Under Armour stock sale grows

Sportswear maker's early investors to cash in 7.3 million shares

May 27, 2006|By ANDREA K. WALKER | ANDREA K. WALKER,SUN REPORTER

Under Armour Inc. said yesterday that it had raised the number of shares its founder and other early investors plan to cash in and set the price of those shares at $34.

The Baltimore athletic-wear company first announced May 10 that investors planned to sell 6.8 million shares with more than 1 million additional shares available if the deal's underwriters need to cover over-allotments. Yesterday, it raised the number to 7.3 million shares of its Class A common stock.

The deal is the first major stock sale since the company became a public entity last year.

Chief Executive Officer Kevin A. Plank, the former University of Maryland football player who founded the maker of sweat-resistant clothing, plans to sell 1.5 million shares, or about 10 percent of his holdings, according to a filing with the Securities and Exchange Commission.

Rosewood Capital, a San Francisco investment firm that put $12 million into the company three years ago, is cashing in its entire investment in the company - 3.6 million shares.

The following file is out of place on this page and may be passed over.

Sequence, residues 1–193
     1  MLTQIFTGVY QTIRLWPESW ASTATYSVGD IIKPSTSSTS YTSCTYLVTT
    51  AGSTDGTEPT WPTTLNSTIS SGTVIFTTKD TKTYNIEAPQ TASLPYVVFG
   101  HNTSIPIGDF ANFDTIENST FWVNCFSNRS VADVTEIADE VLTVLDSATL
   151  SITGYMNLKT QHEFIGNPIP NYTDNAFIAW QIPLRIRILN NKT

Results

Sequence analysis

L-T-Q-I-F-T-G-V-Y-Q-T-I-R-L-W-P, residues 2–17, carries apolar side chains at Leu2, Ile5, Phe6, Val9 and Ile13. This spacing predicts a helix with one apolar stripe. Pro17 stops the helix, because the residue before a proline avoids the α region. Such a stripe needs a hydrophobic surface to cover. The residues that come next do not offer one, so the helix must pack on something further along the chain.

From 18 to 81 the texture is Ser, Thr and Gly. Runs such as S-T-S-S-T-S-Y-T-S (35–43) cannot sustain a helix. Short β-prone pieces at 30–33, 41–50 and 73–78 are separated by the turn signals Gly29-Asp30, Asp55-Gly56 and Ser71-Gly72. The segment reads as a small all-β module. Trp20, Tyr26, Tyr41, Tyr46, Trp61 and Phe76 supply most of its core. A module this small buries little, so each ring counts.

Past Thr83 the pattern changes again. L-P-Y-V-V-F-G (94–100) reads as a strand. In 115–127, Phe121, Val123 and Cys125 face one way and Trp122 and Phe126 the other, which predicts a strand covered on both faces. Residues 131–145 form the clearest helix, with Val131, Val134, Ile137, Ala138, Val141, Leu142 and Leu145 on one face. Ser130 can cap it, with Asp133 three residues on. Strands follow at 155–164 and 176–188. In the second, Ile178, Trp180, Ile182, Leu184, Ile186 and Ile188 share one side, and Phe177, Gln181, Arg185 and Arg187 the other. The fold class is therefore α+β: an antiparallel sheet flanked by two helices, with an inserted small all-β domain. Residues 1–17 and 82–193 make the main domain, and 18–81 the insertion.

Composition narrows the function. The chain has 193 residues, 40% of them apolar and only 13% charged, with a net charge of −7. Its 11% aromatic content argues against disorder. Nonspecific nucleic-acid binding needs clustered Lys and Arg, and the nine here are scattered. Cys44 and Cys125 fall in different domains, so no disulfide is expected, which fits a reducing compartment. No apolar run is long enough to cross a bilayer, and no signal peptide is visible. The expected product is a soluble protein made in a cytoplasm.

The remaining shares will be sold by executives and employees of the company. Under Armour won't make any money from the deal.

The company's shares rose 22 cents, or less than 1 percent, yesterday to close at $34.40 on the Nasdaq stock market.

Under Armour referred questions to a public relations firm that handles its financial matters. The firm did not return phone calls.

The plans come after the expiration of a "lockout" agreement that prevented the sale of shares for 180 days from Under Armour's Nov. 23 initial public offer filing with the SEC.

Sales like this are common after a private company becomes a public entity as companies such as Rosewood look for a return on their investment.

"It's not uncommon when you have private money in to be able to pay out your private investors," said Julia Spicer, executive director of the Mid-Atlantic Venture Association, a venture capitalist trade group. "Because that's considered early money and risk money. They've taken a lot of risk for developing a new enterprise."

andrea.walker@baltsun.com

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